This is us the weekend we decided to change the way we look at our family's finances. Yeah, I wasn't that thrilled during the actual conversation. Trust me.
So, you've made the decision to clean up your finances, to get organized and in control. It's a little intimidating making that commitment, not knowing exactly what's ahead, and how things will work out. When you're in that starting point, the safest way to stay on track is to make things as simple for yourself as possible. If you're using the magic jars, the best way to begin is with the tried and true method. From Gail's website and interactive budget you know that your variable, or "life" spending, should be about 25% of your net income. (The budget is posted a couple months back) The jars that Gail has assigned are Food, Transportation, Entertainment, Clothing and Gifts, and Other. If you're just beginning, it's best to start with these divisions.
Once you've gotten the hang of spending with cash, and only withdrawing from the bank machine once a week, you get to play with the system to make it work best for YOUR family. It's your money, and every family is going to have their own quirks and needs. The basic starting point is pretty universal, and as you go it can be tweaked to work better for you. If you are making changes to the basic standard though there are some guidelines I'd suggest.
1) Only make 1 change at a time. If you decide you want to change the withdraw schedule, AND the number of jars, AND the amount you're taking out it will be too much to deal with all at once. Prioritize which changes are the most important to make and start there.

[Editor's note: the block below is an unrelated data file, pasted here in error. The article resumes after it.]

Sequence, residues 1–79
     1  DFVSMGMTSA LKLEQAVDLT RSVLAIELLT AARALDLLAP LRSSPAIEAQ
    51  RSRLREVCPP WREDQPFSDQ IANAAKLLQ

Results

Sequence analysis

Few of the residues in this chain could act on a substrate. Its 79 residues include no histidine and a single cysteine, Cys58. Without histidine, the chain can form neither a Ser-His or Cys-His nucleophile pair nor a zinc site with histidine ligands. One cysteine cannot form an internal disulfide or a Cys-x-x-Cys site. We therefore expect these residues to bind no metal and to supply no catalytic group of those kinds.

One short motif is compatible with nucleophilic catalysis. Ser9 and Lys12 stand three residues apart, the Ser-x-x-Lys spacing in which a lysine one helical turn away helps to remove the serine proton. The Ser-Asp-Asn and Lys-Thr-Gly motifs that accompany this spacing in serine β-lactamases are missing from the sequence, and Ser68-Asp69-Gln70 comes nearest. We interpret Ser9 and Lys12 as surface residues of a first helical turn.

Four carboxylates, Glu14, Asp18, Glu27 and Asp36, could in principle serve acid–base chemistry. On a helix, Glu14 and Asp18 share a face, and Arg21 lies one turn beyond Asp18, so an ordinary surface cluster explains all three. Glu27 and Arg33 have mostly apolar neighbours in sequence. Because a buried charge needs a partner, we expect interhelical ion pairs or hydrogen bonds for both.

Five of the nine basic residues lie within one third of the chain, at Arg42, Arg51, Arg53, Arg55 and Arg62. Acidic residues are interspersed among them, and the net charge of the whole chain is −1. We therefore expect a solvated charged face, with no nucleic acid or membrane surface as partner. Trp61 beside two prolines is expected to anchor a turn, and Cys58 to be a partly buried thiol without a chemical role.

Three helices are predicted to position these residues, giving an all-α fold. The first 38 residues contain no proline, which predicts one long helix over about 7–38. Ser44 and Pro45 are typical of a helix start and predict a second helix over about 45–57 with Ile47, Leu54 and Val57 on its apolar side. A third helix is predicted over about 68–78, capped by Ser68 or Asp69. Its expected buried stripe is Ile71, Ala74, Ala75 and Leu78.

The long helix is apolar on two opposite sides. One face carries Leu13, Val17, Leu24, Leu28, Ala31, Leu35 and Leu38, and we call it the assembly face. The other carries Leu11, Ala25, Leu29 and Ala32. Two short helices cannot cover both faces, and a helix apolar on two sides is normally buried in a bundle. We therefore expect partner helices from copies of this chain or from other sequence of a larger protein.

2) Keep the number of divisions between 5-7 jars. The more divisions you have, the harder it is to track exactly where your money is going. If you keep it simple you make less work for yourself.
3) Don't make a change without your spouses input. When we decided to change our withdraw schedule from weekly to semi-monthly (Based on Ted's pay) it took 2 or 3 discussions for me to warm up to it. Considering I'm the one that is in charge of day-to-day spending I needed to be on board. It's worked out for the best for both of us, but it took some practice for me to think of a budget for 15 days as opposed to 7.
4) Review what's working, and CELEBRATE it. Be proud of the work you've put into managing your money. For a lot of people it doesn't come naturally and it's not easy. Don't beat yourself up over slip ups, but don't dismiss them either. Try to figure out what needs fixing and fix it.
5) Keep it about the team. I was not eager to start, I hated talking about our finances, and I didn't want to fix what needed fixing. It was only after I realized how much BETTER I felt talking about things that I wanted to make changes and make things better. Without a spouse that was encouraging and kind I don't know if I would've done what I needed to do. Making taking control of your finances a together thing will bring you more understanding of your spouse and increase your chances of success.